Riegl USA Introduces Digital Camera Option 2.17.04
The integrated Riegl digital camera seamlessly meshes high resolution photo pixel information with scan data coordinate information gathered at one or more scanner positions. Users of this new technology benefit from increased job site target identification and accurate photo quality imagery.
For example, in almost all scanning projects, data acquisition is based on taking scans from different scan locations to obtain a complete data set of the object's surface without "data gaps." The Riegl digital camera option takes photogrammetric information at each scanning position and transforms pixel (camera) coordinates into beam (scanner) coordinates. While in the field, the scanner operator can merge scan data from various scanning positions, registering the scans in a project coordinate system to verify key data is captured before leaving the job site.
The Riegl digital camera option can be mounted on any Riegl 3D Scanner and is quickly calibrated using Riegl's 3D RiSCAN PRO software. The software is the companion package to Riegl 3D Scanners and allows the operator to perform a number of tasks including scanner configuration, data acquisition, visualization, manipulation and archiving. The intuitive software is project-oriented, meaning a single project is stored in a single directory structure containing scan data, registration information, descriptors and photogrammetric information.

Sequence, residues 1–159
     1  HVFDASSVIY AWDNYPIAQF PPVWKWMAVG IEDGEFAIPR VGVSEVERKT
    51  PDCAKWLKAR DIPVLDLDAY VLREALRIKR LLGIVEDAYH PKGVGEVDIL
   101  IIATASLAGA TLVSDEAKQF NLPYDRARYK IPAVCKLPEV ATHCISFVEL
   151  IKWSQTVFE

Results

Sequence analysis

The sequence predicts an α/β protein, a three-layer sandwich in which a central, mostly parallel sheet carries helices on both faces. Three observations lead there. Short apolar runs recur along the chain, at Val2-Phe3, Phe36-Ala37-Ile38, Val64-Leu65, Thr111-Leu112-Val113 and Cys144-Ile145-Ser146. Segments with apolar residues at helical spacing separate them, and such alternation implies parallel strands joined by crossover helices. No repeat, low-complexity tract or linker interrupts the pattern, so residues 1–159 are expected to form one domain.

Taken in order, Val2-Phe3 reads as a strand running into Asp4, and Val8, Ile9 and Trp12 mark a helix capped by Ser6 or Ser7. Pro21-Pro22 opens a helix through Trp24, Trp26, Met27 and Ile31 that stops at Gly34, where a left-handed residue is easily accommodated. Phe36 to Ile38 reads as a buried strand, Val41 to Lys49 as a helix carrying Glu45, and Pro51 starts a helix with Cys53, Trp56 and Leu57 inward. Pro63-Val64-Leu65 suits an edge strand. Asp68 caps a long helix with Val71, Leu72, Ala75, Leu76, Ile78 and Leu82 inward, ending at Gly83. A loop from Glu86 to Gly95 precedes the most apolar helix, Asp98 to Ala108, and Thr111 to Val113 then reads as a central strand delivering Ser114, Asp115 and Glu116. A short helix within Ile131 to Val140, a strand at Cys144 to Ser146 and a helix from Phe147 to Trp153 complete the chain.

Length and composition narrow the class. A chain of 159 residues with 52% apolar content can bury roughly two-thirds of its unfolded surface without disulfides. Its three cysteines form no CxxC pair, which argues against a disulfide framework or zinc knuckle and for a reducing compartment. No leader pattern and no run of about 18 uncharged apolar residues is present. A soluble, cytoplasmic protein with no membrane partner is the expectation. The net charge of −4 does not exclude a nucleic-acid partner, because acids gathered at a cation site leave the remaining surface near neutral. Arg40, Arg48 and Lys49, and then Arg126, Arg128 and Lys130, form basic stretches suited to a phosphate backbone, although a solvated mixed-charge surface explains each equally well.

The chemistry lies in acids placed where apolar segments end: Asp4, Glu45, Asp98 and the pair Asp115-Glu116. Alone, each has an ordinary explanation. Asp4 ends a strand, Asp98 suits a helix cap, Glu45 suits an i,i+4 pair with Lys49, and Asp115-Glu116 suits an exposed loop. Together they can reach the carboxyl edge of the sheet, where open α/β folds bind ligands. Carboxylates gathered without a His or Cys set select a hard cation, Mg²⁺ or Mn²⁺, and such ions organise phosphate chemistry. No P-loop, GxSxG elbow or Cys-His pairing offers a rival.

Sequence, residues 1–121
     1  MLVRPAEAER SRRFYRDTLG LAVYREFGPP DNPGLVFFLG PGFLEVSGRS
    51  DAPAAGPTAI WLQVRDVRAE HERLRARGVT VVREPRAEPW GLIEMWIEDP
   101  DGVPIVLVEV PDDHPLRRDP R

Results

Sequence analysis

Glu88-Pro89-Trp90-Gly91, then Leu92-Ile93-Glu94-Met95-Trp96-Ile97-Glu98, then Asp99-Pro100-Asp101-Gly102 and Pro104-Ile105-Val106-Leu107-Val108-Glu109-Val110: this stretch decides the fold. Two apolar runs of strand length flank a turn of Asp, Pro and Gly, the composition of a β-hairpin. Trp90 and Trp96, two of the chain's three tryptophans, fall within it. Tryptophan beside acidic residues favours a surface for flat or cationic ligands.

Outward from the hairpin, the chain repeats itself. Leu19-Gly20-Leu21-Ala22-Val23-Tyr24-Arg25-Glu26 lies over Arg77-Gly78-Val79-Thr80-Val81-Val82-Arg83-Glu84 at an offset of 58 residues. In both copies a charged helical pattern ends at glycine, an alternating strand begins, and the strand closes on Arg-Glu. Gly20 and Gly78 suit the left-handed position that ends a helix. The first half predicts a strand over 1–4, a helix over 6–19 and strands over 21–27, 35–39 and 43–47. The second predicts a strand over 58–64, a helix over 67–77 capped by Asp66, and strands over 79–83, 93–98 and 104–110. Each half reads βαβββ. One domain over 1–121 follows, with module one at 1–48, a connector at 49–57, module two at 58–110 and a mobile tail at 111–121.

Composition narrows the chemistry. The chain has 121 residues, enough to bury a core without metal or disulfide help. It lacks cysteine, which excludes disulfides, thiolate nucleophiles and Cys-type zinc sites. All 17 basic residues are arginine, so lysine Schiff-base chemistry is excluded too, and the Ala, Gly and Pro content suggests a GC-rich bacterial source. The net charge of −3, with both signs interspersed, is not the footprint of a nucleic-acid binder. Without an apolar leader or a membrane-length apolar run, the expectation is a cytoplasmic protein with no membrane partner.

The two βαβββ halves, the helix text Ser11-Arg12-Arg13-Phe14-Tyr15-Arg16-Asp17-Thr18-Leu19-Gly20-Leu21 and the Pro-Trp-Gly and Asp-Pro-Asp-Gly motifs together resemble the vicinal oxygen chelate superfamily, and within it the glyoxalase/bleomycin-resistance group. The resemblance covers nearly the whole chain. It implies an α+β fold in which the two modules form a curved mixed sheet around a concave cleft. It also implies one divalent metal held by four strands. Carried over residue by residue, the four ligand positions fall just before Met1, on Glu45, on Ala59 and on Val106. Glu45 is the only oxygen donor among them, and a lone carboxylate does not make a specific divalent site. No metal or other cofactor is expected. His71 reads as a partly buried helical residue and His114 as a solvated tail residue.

The Riegl digital camera option can use two types of photo images to fully document a scanning project. The first are images taken when the camera is mounted and calibrated on the scanner. As soon as scan position data is registered in the scan project coordinate system, the digital camera photos are fully meshed with the scan data.
A second set of images can be taken with the camera not mounted on the scanner and can be used to fully document a job site or where use of the digital camera can not be mounted. These images are then transferred or meshed to the scan data coordinate system by manually identifying tie points in the image and corresponding 3D data from the scan data. Tie points are most often retro-reflective targets clearly shown in scan data and which can also be accurately measured with total stations.
Source: Riegl USA, Feb. 9, 2004